This paper analyses and compares two different groups of tools, the first to encourage the use of invoices (or payment systems) and the second to refund the VAT to low-income individuals. The analysis contributes to the existing literature by providing a clear characterization between these two groups of tools that are too often misunderstood and offers clear guidance to policymakers on the benefits and pitfalls of them based on available empirical studies and novel data analysis. Briefly, the first group includes a set of regressive and distortive tools (such as, allowing deducting the VAT paid on personal consumption from the PIT and reducing the VAT rate for using electronic means of payments or registration), while the second group includes tools that are less distortionary and improve income distribution (tax credits and VAT rate reduction targeted only at low-income individuals). This paper also finds that allowing the deduction of personal consumption against the PIT’s taxable base (i) did not impact positively the VAT revenue in Guatemala and (ii) worsens the income distribution in Ecuador.
International Monetary Fund. Middle East and Central Asia Dept.
be affected by the PIT rate reduction to 1 percent 7 As a result, the share of the PITliability of the bottom 70 percent of employees in 2019 decreased from 32 percent to 27 percent.
Table 2. Kazakhstan: Share of Labor Taxes by Income Brackets
Monthly Income Bracket (K ZT)
Percent of Employees in Bracket
Effective Tax Rate
Share of Total Tax Liability
0 – 75,000
75,001 – 105,000
1. PIT Tax Expenditures in the European Union
1. Incidence of the PIT and Largest Tax Expenditures
2. Incidence of the VAT, Reduced Rates and Exemptions
3. Incidence of the Immovable Property Tax and Exemptions
4. Average Property Market Value, Assessment Ratio, and Household Income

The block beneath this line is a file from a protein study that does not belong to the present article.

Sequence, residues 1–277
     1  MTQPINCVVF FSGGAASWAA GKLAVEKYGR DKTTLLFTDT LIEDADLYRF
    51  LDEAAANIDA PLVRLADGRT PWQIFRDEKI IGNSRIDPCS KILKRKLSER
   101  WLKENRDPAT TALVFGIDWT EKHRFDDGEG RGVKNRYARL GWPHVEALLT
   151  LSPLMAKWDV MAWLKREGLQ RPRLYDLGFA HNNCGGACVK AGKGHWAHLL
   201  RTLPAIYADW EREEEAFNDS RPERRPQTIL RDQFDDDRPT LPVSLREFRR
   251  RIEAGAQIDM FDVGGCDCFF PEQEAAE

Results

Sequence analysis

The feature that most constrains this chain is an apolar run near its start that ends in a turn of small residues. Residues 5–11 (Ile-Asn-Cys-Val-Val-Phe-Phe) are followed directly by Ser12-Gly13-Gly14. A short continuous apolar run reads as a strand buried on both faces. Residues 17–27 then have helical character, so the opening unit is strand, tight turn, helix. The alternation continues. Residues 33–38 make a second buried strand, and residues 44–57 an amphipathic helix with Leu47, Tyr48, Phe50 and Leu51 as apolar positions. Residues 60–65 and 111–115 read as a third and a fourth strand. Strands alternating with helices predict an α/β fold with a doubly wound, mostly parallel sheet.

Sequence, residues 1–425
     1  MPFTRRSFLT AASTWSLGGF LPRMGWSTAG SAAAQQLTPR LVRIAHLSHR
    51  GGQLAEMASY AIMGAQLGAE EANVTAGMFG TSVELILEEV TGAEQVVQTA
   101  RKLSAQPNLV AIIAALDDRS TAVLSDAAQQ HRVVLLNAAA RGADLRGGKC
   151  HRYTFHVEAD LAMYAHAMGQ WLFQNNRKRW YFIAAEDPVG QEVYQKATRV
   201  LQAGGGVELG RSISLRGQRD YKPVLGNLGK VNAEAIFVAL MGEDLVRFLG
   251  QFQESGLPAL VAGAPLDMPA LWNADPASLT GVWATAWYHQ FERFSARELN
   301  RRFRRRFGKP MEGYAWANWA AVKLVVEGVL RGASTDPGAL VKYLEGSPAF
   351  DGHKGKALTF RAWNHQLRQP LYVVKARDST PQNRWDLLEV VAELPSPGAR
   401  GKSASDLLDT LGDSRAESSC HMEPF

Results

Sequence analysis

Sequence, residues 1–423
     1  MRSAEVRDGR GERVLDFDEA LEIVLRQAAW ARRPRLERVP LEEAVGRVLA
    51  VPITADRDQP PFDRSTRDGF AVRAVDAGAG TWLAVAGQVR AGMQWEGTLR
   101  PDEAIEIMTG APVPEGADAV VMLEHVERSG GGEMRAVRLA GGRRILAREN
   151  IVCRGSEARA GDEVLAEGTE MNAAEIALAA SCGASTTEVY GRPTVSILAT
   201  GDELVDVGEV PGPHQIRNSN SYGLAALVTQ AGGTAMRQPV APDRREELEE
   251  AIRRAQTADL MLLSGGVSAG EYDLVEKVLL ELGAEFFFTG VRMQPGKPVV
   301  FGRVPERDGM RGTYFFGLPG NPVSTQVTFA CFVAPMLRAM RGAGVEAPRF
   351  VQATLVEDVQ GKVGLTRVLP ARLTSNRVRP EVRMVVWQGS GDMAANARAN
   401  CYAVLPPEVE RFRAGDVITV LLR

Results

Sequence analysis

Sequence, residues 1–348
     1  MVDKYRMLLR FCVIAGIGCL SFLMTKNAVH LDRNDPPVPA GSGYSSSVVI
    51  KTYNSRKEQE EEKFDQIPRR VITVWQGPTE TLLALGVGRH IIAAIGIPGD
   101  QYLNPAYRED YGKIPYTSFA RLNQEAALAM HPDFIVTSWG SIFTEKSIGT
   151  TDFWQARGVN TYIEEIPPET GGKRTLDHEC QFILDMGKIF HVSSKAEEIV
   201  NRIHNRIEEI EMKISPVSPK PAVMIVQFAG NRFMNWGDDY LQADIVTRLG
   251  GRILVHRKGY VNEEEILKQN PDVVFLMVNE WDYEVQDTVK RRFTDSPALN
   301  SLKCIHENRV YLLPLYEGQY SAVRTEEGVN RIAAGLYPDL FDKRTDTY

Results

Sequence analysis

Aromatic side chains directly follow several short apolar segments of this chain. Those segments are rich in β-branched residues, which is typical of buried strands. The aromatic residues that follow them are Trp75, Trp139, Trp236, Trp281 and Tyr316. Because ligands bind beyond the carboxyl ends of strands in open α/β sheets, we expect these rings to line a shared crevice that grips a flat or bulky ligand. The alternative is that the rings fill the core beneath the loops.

5. Impact of PIT Reform Options
6. PITLiability Before and After Reform
7. Impact of a Base-broadening Revenue Neutral VAT Reform
8. Impact of a Base-broadening VAT Reform for Higher Revenue
9. VAT Liability
is creditable against the PITliability (the PIT is a VAT complementary regime, VCR). The personal allowance for employees is equivalent to two minimum salaries and the VCR rate is 13 percent. Employees may claim the VAT paid on any kind of personal consumption against their VCR liability. As some of the purchases are made from small taxpayers who, under special regimes, cannot issue VAT invoices , an amount equivalent to 13 percent of two minimum wages can additionally be creditable against their VCR liability.
Table 1. Countries with VAT as a Credit or
This paper evaluates elements of a comprehensive reform of the Italian tax system. Reform options are guided by the principles of reducing complexity, broadening the tax base, and lowering marginal tax rates, especially the tax burden on labor income. The revenue and distributional implications of personal income and property tax reforms are assessed with EUROMOD, while a microsimulation model is developed to evaluate VAT reform options. Simulations suggest that a substantial reduction in the tax burden on labor income can be obtained with a revenue-neutral base-broadening reform that streamlines tax expenditures and updates the property valuation system. In addition, a comprehensive reform would benefit low- and middle-income households the most, by lowering significantly their overall current tax liability, which results in increased progressivity of the tax system.